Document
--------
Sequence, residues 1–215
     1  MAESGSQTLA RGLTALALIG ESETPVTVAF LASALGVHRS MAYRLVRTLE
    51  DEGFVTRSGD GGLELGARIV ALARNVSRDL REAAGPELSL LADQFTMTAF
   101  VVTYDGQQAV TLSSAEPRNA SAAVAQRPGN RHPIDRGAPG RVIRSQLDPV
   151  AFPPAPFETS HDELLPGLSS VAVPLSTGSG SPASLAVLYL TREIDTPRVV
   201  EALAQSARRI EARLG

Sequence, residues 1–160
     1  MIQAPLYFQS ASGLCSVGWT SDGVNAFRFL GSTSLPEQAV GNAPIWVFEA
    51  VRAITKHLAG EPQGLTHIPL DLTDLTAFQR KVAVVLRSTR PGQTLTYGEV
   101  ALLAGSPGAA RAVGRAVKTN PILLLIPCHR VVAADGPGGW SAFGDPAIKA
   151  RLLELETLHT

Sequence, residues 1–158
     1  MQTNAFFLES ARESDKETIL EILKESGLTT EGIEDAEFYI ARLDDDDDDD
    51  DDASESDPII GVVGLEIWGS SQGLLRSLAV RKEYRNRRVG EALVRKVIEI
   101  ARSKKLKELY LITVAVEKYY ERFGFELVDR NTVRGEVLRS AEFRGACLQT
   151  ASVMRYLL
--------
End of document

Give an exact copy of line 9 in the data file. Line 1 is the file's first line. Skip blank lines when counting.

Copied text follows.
    51  VRAITKHLAG EPQGLTHIPL DLTDLTAFQR KVAVVLRSTR PGQTLTYGEV